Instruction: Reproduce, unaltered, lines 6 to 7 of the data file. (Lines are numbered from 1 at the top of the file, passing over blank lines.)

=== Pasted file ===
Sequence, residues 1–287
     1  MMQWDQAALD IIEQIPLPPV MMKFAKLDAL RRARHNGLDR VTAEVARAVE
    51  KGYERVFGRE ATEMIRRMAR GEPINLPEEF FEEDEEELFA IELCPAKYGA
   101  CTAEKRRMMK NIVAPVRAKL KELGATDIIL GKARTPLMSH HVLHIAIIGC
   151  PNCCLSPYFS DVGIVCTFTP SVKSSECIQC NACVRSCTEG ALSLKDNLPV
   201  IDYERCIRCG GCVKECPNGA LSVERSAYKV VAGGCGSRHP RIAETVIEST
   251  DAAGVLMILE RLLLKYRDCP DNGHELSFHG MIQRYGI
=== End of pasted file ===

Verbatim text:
   201  IDYERCIRCG GCVKECPNGA LSVERSAYKV VAGGCGSRHP RIAETVIEST
   251  DAAGVLMILE RLLLKYRDCP DNGHELSFHG MIQRYGI